Friday, 1 August 2014

Guadalhorce, Malaga

Saturday 1 August

Just like the proverbial number 9 bus; go over two weeks without any birding and then get two river trips in in less than forty-eight hours!  After Thursday's morning visit to the Rio Velez in Torre del Mar this morning I was out of the house by 6am to take Jenny to catch her coach for a day trip to Gibraltar (not sure whether or not this will actually also included a further day queueing up to get in and out!) and then carried on to Malaga as morning light gradually appeared over the horizon and was entering the reserve by 7.15.

What a disappointment in many ways.  Unlike here where it was warm and calm, the coast was very windy and with a cold edge.  Just as well I had my sleeveless on as I fought the wind over the bridge to the eastern arm and the Laguna Casillas where I saw - nothing, zilch, nada, b--- all!  Eventually, a couple of Mallards put in an appearance along with a single Black-winged Stilt and Little Grebe.  Just as well I had been greeted by early morning feeding House Martins and a lone Kestrel looking for his desayuna.

Juvenile Little Ringed Plover Chorlitejo Chico Charadrius dubius
The Wader Pool was looking very uninviting with only a small amount of water for those present which included a handful of Little Egrets, a couple of Moorhen, a pair of Little Grebes, at least three Common Sandpipers and a single Dunlin feeding next the flock of twenty resting Little Ringed Plovers.  To my let a marauding band of Spotless Starlings and then a female Sardinian Warbler as I walked down to take a look at the old river, Rio Viejo.  Again, the river itself was very short of water but I did find a number of Kentish Plovers and a few more of the Little Ringed flavour.  To my left a lone Cattle Egret was trying its best to find something to eat beneath the legs of the handful of horses that had been put out to graze.  The first of a few Collared Doves passed over and on towards the main pool.

Up sticks, camera on back and scope over I my shoulder I made my way to the Escondida pool, passing a roving band of ten Monk Parakeets on the way, where there was plenty of water.  This is obviously where the Coots have decided to take up temporary residence with at least twenty present along with a Common Pochard and a couple of male White-headed Ducks.  But nothing else save the occasional Moorhen paddling across the water.

Mediterranean Gull Gaviota Cabecinegra Larus melanocephalus
I finally arrived at the main hide overlooking the Laguna Grande and, again, water levels were down.  Lots of gull resting here but always, it seemed, on the move.  Much scoping eventually concluded that the numbers of Black-headed and Mediterranean Gulls were about evenly split along with a few Yellow-legged Gulls.  Still just the one Flamingo, presumably one of last winter's juveniles but now very much approaching full adult plumage.  To my left a Common Sandpiper worked the banks whilst a Little Ringed Plover did the same immediately in front of me.  Not as many Black-winged Stilts as seen on the Wader Pool but yet more evidence o successful breeding with a couple of well-grown youngsters feeding near by.  Is autumn approaching early or was I just lucky to see over a dozen Grey Herons including some very young looking birds?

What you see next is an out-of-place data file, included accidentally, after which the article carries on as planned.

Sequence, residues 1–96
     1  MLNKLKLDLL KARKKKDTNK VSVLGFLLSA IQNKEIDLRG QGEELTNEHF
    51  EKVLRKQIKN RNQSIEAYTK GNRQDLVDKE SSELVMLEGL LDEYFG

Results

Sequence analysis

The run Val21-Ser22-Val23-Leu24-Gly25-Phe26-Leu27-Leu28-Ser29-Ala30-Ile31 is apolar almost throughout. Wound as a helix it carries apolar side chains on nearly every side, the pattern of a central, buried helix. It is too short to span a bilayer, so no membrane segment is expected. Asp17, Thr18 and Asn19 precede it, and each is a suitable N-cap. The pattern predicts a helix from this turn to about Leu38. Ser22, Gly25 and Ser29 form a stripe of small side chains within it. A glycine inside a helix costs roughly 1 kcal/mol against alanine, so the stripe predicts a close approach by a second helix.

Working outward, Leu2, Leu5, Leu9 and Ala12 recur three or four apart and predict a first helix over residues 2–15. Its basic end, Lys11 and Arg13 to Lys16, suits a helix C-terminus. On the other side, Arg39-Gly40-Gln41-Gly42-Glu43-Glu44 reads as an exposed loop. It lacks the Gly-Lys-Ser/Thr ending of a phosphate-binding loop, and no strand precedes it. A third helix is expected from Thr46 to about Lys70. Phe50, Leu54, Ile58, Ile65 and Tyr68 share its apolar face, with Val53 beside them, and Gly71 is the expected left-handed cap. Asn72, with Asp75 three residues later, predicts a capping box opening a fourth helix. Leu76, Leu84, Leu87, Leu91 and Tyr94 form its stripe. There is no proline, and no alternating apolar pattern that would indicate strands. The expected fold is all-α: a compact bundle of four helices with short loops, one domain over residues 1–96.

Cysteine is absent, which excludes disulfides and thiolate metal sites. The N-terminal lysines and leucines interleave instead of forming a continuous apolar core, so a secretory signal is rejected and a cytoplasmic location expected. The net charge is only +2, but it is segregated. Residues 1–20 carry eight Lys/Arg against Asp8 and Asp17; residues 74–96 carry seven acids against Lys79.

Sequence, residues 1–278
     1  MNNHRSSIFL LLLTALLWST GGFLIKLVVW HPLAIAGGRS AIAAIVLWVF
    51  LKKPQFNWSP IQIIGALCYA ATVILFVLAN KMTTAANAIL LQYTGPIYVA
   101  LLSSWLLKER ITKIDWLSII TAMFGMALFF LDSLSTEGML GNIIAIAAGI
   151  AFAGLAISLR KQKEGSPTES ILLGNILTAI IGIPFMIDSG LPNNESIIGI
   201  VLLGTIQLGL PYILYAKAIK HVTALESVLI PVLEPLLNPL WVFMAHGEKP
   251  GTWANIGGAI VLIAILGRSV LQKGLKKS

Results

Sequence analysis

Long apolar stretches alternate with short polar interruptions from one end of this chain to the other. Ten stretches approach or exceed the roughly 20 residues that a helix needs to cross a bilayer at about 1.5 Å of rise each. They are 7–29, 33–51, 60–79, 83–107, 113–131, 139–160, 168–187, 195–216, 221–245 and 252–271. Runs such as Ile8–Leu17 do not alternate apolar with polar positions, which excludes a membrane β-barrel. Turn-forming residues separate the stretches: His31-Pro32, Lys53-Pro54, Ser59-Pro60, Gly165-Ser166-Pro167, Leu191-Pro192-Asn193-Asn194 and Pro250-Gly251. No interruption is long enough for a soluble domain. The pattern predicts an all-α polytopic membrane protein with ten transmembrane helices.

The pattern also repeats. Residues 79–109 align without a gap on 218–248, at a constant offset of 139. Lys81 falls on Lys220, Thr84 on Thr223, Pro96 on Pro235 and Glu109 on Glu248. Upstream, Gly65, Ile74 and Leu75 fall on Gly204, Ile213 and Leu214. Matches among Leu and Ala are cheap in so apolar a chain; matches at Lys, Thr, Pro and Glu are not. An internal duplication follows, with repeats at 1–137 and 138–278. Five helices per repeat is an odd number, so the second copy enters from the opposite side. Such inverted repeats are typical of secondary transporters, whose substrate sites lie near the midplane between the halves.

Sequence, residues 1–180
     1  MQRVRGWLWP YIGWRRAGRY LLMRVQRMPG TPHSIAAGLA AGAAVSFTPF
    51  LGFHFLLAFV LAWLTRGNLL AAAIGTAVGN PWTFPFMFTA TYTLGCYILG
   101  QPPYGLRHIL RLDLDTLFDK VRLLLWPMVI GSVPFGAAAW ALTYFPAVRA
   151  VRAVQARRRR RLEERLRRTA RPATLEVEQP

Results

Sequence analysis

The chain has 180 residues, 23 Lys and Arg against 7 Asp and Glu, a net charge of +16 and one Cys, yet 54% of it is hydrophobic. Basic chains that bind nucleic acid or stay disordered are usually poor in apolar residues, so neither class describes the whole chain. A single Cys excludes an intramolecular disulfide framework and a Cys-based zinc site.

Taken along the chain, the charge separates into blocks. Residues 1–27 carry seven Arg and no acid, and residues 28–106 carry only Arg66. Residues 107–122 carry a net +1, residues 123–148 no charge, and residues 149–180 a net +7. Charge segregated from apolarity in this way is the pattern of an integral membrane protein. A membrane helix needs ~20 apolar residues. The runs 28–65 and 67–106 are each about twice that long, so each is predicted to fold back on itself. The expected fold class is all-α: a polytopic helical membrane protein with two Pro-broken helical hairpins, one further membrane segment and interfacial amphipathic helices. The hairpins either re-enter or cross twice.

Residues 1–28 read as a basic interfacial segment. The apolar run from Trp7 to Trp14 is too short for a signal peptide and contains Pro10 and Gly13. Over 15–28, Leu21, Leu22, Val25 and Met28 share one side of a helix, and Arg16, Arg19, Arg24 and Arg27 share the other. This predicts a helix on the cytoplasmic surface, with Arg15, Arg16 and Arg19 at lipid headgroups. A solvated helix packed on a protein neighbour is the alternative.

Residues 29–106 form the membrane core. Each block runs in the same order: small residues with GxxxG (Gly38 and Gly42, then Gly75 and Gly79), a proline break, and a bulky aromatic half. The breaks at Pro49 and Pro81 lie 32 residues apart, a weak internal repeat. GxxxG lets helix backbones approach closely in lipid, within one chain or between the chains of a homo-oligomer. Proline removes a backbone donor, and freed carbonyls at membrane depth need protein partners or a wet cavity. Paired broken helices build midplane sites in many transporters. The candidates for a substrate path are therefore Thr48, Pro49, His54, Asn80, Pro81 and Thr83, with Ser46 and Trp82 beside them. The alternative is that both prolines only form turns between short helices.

Common Sandpiper Andarrios Chico Actitus hypoleucos working the edges
Whereas the early hirundines had been House Martins, it was Barn Swallows that fed over the pools albeit in very small numbers.  I even had up to a dozen resting in a small tree to my left who were later joined by a couple of foraging female House Sparrows.  The Spotless Starlings were also in this area and finding something in the trees to draw their attention.

So, come 10 o'clock and the wind still blowing hard but the sun now beginning to really heat up the day, I called it quits and returned home to get on with some other much needed tasks, eventually including preparing this report for publishing.  Back on our mountain it was, once again, relatively calm and the temperature soaring to the high thirties so the much needed swim was called for plus a quick watch of the on-going Commonwealth Games.  Well, that's my excuse for not getting this report published before 6pm!!!

Birds seen:
Mallard, Pochard, White-headed Duck, Little Grebe, Cattle Egret, Little Egret, Heron, Flamingo, Kestrel, Moorhen, Coot, Black-winged Stilt, Little Ringed Plover, Kentish Plover, Dunlin, Common Sandpiper, Black-headed Gull, Mediterranean Gull, Yellow-legged Gull, Rock Dove, Collared Dove, Monk Parakeet, Barn Swallow, House Martin, Blue-headed Wagtail, Blackbird, Sardinian Warbler, House Sparrow.


Check out the accompanying website at for the latest sightings, photographs and additional information.

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